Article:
Michael Bourn one-upped Ellsbury, tripling to left-center field on Miller’s first pitch to start things off for Houston. That hit also extended his hitting streak to 11 games. On the very next pitch, Angle Sanchez put the Astros on the board, knocking a single back up the middle. After a Hunter Pence single, Miller settled in, getting Carlos Lee to fly out and Jason Michaels to ground into a double play
The top of the lineup accounted for another run in the fifth as Ellsbury and Pedroia provided back-to-back doubles. Pence answered in the bottom of the sixth with his tenth longball of the season, taking advantage of a changeup Miller left up in the zone.
Alfredo Aceves took over for Miller in the seventh, but his replacement in the No. 9 spot — Yamaico Navarro — left more of an impact. Called up for Mike Cameron Saturday, Navarro belted his first career home run over the left field wall to raise Boston’s lead to three runs. In 42 at-bats in 2010, Navarro batted .143 with five RBIs and 17, yes, 17 strikeouts.
After retiring Barmes and J.R. Towles to start the bottom of the seventh, Aceves ran into some problems. Pinch hitter Jeff Keppinger lined a 2-2 fastball into right field for a single. Bourn followed with another sharply hit single, this time to center field. Matt Downs pinch hit for Sanchez and earned a walk, albeit on a questionable 3-2, call to load the bases. At that point Daniel Bard replaced Aceves to face Pence. After getting squeezed again by umpire Cory Blaser, Bard missed badly with the count full, and walked in a run. Luckily for Boston, Lee grounded the first pitch he saw to third base to end the inning.
After Saltalamacchia plated Gonzalez on a bases loaded sacrifice fly to left in the top of the eighth inning, Darnell McDonald, who entered the game batting .115, hammered a three-run bomb that quickly exited the park over the left field wall. Youkilis finished the scoring for Boston, driving in Gonzalez on a single to left.
Houston picked up a meaningless ninth-inning run off Dan Wheeler. Bourn recorded his fourth hit of the game, singling to center, and took second on a defensive indifference.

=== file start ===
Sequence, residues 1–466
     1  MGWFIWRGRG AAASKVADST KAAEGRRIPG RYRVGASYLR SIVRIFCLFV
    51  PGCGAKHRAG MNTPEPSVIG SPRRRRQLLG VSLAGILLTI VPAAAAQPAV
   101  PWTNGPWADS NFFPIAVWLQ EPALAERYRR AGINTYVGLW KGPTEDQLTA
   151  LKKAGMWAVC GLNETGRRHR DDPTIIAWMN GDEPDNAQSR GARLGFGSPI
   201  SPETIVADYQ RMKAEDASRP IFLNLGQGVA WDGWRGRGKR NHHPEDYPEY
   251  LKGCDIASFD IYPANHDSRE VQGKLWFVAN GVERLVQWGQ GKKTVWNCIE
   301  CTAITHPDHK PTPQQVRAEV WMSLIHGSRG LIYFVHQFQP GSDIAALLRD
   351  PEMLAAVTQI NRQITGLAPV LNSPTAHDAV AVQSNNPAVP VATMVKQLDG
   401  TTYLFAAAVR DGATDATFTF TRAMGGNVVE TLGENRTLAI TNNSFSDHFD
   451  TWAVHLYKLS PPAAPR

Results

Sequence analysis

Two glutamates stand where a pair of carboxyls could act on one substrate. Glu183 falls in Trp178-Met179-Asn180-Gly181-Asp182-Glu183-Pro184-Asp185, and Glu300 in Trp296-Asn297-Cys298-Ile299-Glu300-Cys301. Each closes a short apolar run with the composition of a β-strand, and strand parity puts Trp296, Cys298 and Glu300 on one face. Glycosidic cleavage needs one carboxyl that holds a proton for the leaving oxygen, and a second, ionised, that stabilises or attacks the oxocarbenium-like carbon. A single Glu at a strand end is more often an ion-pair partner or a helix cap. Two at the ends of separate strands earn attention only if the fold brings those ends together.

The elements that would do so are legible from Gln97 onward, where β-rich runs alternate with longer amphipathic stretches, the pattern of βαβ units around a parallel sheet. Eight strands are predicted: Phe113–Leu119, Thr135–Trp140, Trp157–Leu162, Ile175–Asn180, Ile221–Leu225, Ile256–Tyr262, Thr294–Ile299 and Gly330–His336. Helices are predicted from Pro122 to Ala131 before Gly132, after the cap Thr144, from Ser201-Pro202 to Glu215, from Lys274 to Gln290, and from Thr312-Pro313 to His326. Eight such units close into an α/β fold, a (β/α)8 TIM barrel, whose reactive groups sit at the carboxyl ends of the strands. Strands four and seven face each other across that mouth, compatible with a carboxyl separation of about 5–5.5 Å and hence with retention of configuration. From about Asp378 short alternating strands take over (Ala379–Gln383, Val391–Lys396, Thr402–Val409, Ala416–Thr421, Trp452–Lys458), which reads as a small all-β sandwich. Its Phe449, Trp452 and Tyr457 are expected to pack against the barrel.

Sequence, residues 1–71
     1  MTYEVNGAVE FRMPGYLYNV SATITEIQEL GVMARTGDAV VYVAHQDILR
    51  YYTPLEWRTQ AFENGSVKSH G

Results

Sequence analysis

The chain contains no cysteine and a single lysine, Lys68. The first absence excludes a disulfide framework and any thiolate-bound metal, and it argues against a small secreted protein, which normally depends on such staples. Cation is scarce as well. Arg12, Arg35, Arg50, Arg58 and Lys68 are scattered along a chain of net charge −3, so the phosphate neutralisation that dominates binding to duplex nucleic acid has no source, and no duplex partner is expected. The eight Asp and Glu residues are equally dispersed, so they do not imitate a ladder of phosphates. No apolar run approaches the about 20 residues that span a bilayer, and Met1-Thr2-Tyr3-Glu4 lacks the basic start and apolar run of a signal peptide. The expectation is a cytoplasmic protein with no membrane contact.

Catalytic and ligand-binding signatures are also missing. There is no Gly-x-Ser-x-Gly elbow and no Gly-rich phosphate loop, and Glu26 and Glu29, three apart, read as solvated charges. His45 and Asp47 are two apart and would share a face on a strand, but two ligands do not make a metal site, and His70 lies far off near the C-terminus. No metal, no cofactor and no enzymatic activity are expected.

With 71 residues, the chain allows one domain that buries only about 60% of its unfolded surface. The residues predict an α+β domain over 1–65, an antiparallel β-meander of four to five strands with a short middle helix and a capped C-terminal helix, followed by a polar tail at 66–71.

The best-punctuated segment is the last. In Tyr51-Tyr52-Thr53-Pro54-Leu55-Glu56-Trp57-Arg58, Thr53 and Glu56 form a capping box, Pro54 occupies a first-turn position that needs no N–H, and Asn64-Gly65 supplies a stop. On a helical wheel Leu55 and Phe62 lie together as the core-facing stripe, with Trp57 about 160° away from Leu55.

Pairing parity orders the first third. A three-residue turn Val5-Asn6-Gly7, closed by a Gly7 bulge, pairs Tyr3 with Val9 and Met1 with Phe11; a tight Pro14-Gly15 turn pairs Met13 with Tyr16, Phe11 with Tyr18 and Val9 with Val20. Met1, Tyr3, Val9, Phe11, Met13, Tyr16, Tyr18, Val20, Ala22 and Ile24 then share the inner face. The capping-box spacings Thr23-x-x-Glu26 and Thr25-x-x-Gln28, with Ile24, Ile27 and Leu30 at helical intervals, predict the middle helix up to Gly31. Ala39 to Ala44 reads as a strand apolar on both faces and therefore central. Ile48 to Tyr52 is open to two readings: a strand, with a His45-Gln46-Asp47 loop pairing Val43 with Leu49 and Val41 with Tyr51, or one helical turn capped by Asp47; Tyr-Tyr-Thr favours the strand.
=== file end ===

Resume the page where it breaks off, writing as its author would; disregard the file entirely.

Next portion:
WHAT WENT RIGHT FOR THE RED SOX
– Miller continued to build his case to stay in the rotation once Clay Buchholz returns form the disabled list. The 6-foot-7 southpaw pitched six strong innings, allowing the Astros just two runs on seven hits. He walked two and struck out three throwing 85 pitches on the evening.
– In six innings, Ortiz (1B) and Gonzalez (RF) not only avoided injury, but played solid defense. Neither were overly tested defensively, but both handled routine plays. Saturday marked the second time manager Terry Francona has tried this lineup.
– Bobby Jenks pitched a perfect eight inning, using only eight pitches to retire the side. He struck out Johnson and got Barmes and Michaels to fly out to center field.
WHAT WENT WRONG FOR THE RED SOX
– Youkilis reaggravated a left ankle injury in the eight inning, sliding into third base. He batted in the bottom half of the inning, singling in Gonzalez, but was replaced in the field by Drew Sutton in the final frame.
– After retiring the first two batters he faced in the seventh inning, Aceves was unable to close out the inning. He allowed two hits and a walk and was credited with the run that Bard walked in.
– Marco Scutaro was the least productive Red Sox batter. Going 0-for-4 on the night, interestingly enough, he never stepped to the plate with a runner on base.
|07.02.11 at 6:45 pm ET|
|07.02.11 at 12:54 pm ET|
Red Sox outfielders J.D. Drew and Mike Cameron have struggled mightily to keep their heads (and batting averages) above water this season. Mostly due to that pair’s struggles, the Sox rank near the bottom of the majors in terms of right field production in most major categories.
For all of Drew’s struggles, Cameron fared even worse. Everything changed on Thursday when the Sox decided to release the 17-year veteran in the final season of a two-year, $15.5 million deal.
So, what does this mean for Drew? It’s time to start swimming.
In 64 games this year, Drew is having the worst year of his career. His batting average (.235), OBP (.333), slugging percentage (.327) and OPS (.660) all would be career lows; his four home runs and 18 RBIs likewise suggest his poor output. He has also dealt with a number of injuries that have limited him to 64 of the Sox’ first 81 games. Most recently, Drew suffered a left eye contusion and missed the first two games of last week’s series against the Phillies.
With his diminished output, Drew is, once again, a highly scrutinized player for the Sox, something that has been the case almost from the day that word that the Sox had signed the free agent to a five-year, $70 million contract emerged after the 2006 season.
Yet as much criticism as Drew has faced, his deal was far from the biggest given to an outfielder that offseason. Indeed, his was simply part of a wealth of long-term deals that were given out like candy to outfielders that winter. As the Sox take on the Astros for three days in Houston, it is a reminder that the Sox weren’t alone in taking a plunge into the deep end of the free-agent pool five winters ago.